I’ve been reading a lot of smart contracts lately, but until now haven’t spent any time writing them. Recently I’ve gotten into contact with the strategists at Yearn and am going to try my hand at adapting some v1 vault strategies over to v2.
The yearn team has a Yearn-Vaults repo on Github which offers some guidance for getting up and running with the all the basic contracts for Yearn vaults:
BaseStrategy.sol- the base strategy template with current version of the strategy API methods to be overwriten.
Registry.vy- the Yearn contract registry which manages the Yearn product list and deployment of new vaults.
Vault.vy- the base vault contract which each new vault will proxy off of when created when the .newVault() method is called on the registry.
Python Virtualenv is a software tool that offers two main benefits:
Isolation of package installations: you can use different package sets for each project. Isolation of python versions: you can use different python versions (v2, or v3) for each project.
In the world of Python, where many projects are written in v2 and others in v3, it is importants to be able to run each project in it’s native version and keep the packages separate.
Brownie is a Python-based development and testing framework for smart contracts targeting the Ethereum Virtual Machine
It has ganache-cli (a nodejs package) as a dependency which provides the “personal blockchain”-like features for Brownie to work upon. With Ganache-cli providing Brownie a simulated full node behavior, it makes developing and testing Ethereum apps far easier.
Instructions for installing Brownie are located here. But first you’ll want to make sure you have Python and pip/pipx installed as well as Ganache-CLI (install guide here).
Brownie has several killer features. One of them is the ability to fork mainnet at some given block. This feature allows us to produce a snapshot of the currnet mainnet chain upon which we can test our contracts and scripts. On the backend, Brownie will need to be pointed to either a local node or a remote service (e.g. Infura). To do this, open up your terminal and enter the following command to open up the brownie console on a forked mainnet.
brownie console --network mainnet-fork
You can now run some commands against a mainnet fork. Let’s try it…
First, let me go ahead prove that this is a static copy of mainnet by checking the current block number at Etherscan.io against the block number that Brownie has snapshotted for use.
Etherscan shows a current block =
Now to check our snapshot’s block, we can run the following web3 command:
Which gives me the following result:
Here we see the block number of our snapshot is at
11668544, which as expected, is behind the real mainnet block, proving that our snapshot of a past point in time worked. We can now use this snapshot as a test area for our code and contracts.
Now Let’s try to query a real-life contract from mainnet using this fork we’ve created. The following lines will query a Chainlink contract which outputs the current price of Ethereum.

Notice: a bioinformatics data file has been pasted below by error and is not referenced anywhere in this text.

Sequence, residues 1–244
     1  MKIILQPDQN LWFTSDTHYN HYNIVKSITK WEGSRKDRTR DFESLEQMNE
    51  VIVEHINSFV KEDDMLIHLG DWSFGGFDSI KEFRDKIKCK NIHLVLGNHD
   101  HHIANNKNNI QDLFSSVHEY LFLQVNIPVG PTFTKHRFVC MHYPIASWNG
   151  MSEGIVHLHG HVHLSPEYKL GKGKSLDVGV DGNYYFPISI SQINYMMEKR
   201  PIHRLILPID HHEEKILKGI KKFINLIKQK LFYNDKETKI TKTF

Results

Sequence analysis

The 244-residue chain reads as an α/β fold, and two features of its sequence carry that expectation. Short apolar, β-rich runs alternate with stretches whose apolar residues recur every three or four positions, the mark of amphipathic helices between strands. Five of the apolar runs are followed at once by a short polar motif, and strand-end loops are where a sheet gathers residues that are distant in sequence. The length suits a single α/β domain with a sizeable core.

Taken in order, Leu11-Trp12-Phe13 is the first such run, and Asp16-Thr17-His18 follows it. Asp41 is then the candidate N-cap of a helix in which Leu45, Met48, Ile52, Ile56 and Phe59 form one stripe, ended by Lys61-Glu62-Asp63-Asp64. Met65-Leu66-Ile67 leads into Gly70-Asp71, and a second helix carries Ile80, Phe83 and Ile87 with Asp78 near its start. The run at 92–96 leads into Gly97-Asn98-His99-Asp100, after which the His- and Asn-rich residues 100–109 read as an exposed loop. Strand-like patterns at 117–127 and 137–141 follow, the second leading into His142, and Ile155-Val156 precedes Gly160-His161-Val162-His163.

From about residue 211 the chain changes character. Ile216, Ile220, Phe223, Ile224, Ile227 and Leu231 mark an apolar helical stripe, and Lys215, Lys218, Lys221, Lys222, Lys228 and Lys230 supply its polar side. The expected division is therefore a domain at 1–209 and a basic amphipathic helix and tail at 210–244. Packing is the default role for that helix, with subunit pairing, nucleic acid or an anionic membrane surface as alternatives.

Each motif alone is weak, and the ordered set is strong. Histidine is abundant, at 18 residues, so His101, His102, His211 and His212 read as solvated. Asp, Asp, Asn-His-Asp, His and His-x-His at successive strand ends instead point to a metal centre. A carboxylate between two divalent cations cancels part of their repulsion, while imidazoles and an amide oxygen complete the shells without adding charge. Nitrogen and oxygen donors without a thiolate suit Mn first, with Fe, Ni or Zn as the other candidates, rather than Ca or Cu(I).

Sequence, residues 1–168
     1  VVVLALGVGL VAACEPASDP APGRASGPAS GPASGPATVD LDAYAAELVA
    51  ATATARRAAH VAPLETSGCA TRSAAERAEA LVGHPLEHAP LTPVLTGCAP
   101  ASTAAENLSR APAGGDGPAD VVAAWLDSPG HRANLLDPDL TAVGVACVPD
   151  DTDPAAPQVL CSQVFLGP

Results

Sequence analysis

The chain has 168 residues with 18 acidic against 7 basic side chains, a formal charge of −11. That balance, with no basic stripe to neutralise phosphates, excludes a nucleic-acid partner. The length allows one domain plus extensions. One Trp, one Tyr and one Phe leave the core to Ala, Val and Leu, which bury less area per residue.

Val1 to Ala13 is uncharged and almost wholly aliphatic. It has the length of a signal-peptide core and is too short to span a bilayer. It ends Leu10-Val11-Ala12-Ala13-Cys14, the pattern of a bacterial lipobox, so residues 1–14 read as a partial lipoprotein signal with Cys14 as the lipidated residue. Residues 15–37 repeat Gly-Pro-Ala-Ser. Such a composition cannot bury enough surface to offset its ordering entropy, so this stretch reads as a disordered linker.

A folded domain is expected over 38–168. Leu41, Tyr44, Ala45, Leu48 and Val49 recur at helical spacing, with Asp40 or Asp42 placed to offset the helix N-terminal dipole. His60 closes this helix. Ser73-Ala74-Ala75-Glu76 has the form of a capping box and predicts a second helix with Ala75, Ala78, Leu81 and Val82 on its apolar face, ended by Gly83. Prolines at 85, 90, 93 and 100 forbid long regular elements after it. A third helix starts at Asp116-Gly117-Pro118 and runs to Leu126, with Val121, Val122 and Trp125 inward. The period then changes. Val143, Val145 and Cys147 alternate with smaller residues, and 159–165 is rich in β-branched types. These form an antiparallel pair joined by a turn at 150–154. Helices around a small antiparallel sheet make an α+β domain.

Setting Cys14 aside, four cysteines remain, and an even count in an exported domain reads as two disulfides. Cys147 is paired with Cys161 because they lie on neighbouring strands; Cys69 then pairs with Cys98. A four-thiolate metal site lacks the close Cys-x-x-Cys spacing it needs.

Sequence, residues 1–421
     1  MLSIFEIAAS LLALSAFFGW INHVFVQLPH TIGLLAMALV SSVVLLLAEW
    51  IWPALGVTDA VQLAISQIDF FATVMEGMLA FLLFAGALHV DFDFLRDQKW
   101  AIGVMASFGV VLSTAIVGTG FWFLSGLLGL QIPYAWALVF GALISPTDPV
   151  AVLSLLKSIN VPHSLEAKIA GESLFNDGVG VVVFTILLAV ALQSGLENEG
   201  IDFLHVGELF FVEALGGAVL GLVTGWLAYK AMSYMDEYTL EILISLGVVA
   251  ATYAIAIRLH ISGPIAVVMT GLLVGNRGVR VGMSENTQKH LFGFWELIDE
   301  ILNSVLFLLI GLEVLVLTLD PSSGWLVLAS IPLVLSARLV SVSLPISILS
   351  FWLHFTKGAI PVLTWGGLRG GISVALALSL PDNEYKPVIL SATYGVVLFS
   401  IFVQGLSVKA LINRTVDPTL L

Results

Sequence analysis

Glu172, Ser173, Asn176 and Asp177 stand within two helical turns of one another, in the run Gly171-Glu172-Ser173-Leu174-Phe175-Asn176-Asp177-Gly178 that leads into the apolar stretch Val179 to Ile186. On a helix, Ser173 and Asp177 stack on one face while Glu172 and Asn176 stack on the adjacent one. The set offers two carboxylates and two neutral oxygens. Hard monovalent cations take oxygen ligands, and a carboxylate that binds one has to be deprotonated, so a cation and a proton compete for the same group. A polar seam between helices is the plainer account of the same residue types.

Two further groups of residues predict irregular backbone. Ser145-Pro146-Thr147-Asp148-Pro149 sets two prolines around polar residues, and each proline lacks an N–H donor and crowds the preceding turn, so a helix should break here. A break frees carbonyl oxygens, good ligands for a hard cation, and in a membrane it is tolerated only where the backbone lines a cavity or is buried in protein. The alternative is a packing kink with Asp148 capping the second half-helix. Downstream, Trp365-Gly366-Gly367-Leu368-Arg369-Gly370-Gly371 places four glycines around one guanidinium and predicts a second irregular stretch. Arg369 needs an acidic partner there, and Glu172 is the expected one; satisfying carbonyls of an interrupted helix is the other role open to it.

You might ask how we pulled this off this
.latestAnswer() method call by name without an ABI. The answer lies within the second line where we run a little Brownie magic:
Contract.from_explorer is a built-in Brownie function which grabs the ABI from Etherscan and applies it to our contract instance
oracle. Of course this is only possible when the ABI is available in Etherscan.
Shall we see another cool Brownie trick? How could would it be to explore the documented input and return parameters for a method? Well, for any Etherscan-verified contract that implements NatSpec Format, we can do this with a quick command. Let’s try this on the following Yearn vault strategy:
Which gives the following result:
Here we are exploring the developer documentation for the
.harvest(), method, but we can actually replace that with any other method inside this contract, or even on the contract itself to return the docs.
Now that we have a basic feel for what Brownie can do, let’s
exit() the console and then use a different Brownie command to initialize a project workspace and then deploy a sample smart contract. Since I’m intending to work on a Yearn strategy soon, I want to pull in their strategist’s template which I can do with the following command:
brownie bake yearn-strategy
Now, you should see a project structure appear in your working directory. Whoa! Pretty neat!
Just like popular package managers (e.g.
npm), we can use Brownie to fetch a repository, or as they call them “Brownie mixes”. This generates a barebones project area (base on the default Truffle workspace) for us to do some development and testing.
Aside from Yearn, you can find many more Brownie mixes made available from different projects at this link.
Now that we have a project setup, let’s go to the command line and run:
This will pull in all dependencies and compile our contract code for us. It should be successful if no breaking changes were made to the default contract.
Strategy.sol is a sample strategy which pulls in
StrategyParams dependencies from Yearn and can be modified build your own custom strategy against the Yearn standard API.